He had not previously tinkered with the epic manner, but he had faced the challenge of difference. His first two elegies, “O Sulmonense Ovídio” (p. 80) and “Aquela que de amore” (p. 86), were written in Ceuta, drawing directly for both form and content on Ovid’s Tristia. From the very beginning of his travels, Camões contrasts “this exiled life of pain / with the good I knew in another time.” But he was not unresponsive:
Pacing out my life of pain,
and declaring its unremitting sadness
to the burning sands of this African
beach, I study the sea’s relentless
motion, as with its thunderous booming
it reverberates in the greater emptiness,
and with its furious white spume
it takes sorrowful hold
of the earth where it disperses foaming,
and earth in turn appears to yield
her beckoning womb helplessly
to the penetrating, saltodorous tide.
In all such matters I feel such empathy
I scarcely know if I’m seeing what’s out there
or whether it’s determining me.
If I’m tempted by such misfortune to despair
I cannot, because love and the heart’s
affections do not accommodate self-murder.
I meditate at times on the newness
and oddity of things, such as change,
if only I could direct its course,
and my mind struck by this foreign
land, these new ways of being human,
a different people with customs I find strange,
I climb the mountain Hercules the Theban
divided from Gibraltar’s Rock,
giving entrance to the Mediterranean,
and I try to imagine where he picked
the apple of the Hesperides . . .
These extraordinarily rich lines contain so much of what is to follow—the lonely pacing of the beach, the interrogation of the sea, the deep curiosity about “this foreign / land, these new ways of being human,” the obscure sense he is himself changing in response to this new geography, and the recourse to classical myth to get his bearings in a new poetic language. The elegy ends with the vow that no matter how far his travels take him, even as far as the “black waters / of Cocytus,” he “will sing what is written in my heart,” celebrating “though tired and cold, the shining face /of Fancy, of whom I never lost sight.” His dedication is to his poetry, and that poetry is sustained by love that “is never forfeit in exile”:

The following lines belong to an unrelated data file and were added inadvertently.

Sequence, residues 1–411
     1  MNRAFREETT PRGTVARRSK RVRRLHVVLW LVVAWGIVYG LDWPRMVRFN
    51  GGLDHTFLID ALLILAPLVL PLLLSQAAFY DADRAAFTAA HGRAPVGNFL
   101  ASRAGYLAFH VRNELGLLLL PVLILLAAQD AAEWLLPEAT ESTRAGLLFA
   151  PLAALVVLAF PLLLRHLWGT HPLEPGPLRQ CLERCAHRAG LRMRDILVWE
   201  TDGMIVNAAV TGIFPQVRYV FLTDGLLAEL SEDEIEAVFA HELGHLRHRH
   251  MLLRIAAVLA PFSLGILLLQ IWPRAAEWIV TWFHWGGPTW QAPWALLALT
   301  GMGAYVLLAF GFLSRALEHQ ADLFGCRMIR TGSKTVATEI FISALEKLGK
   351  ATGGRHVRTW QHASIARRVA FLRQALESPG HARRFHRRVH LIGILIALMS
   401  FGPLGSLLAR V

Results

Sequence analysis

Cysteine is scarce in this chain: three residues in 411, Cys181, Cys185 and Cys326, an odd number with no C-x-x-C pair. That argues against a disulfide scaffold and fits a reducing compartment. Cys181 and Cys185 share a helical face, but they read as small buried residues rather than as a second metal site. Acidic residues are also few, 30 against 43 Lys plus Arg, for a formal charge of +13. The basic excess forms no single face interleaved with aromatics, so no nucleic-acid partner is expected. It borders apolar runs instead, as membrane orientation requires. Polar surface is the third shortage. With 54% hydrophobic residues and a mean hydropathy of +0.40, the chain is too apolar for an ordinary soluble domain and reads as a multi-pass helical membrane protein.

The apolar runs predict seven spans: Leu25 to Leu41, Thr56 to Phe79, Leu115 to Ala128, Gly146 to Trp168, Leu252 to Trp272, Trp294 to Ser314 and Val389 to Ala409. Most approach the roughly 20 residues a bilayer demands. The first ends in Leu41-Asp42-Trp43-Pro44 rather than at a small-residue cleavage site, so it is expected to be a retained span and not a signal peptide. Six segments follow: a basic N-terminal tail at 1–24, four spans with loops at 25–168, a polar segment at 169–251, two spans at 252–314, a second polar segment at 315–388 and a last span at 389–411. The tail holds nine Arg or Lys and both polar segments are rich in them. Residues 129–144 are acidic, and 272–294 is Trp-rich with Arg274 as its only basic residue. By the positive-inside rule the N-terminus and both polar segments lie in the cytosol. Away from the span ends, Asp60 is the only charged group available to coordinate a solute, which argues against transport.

still less is it cancelled by dying obscurely,
for in the end the soul lives eternally
and love is the effect of soul and endures.
Evidently, Camões did not travel for travel’s sake. He left Portugal to avoid jail, and he presents his years abroad as a sustained banishment, imposed on him by an implacable destiny. He experienced the exile’s idealization of home, the nostalgia for past pleasures, the sense of time passing to little purpose, the longing for and the fear of death. He did not like being stranded at Cape Guardafui, “a place the sun blazes / on so ferociously it vanishes.” The description was accurate, and he must have taken a craftsman’s pleasure in evoking such an unfamiliar landscape. But only the sight of migrating birds gave him a sense of distant contact with all he valued. He rarely says anything complimentary about Goa, which a savage sonnet categorises as “source of the pus / that gathers around the world’s disease” (p. 234). The hymn “Com força desusada” (p. 263), acknowledging plants on which “both cattle and one’s eyes feast,” may be about Goa, though Ternate and Ambon are also candidates. He praises the “palm groves” that “keep the peasant on his farm / contented for ever /with various fruits from the one trunk.” But there is otherwise very little in these lyrics to prepare us forthe luxuriant description of trees and flowers in canto 9 of The Lusíads, or the celebration of the earth’s wealth and its multitude of peoples in canto 10.